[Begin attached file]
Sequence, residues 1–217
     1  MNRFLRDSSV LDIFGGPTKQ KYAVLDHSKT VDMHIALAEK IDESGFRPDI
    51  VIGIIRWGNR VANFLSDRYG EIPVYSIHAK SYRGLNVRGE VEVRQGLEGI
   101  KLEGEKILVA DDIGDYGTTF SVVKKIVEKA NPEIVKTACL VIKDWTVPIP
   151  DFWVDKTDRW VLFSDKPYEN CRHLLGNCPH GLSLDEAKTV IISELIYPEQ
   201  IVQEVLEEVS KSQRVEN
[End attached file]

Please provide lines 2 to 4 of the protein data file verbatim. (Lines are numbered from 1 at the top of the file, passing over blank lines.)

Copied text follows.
     1  MNRFLRDSSV LDIFGGPTKQ KYAVLDHSKT VDMHIALAEK IDESGFRPDI
    51  VIGIIRWGNR VANFLSDRYG EIPVYSIHAK SYRGLNVRGE VEVRQGLEGI
   101  KLEGEKILVA DDIGDYGTTF SVVKKIVEKA NPEIVKTACL VIKDWTVPIP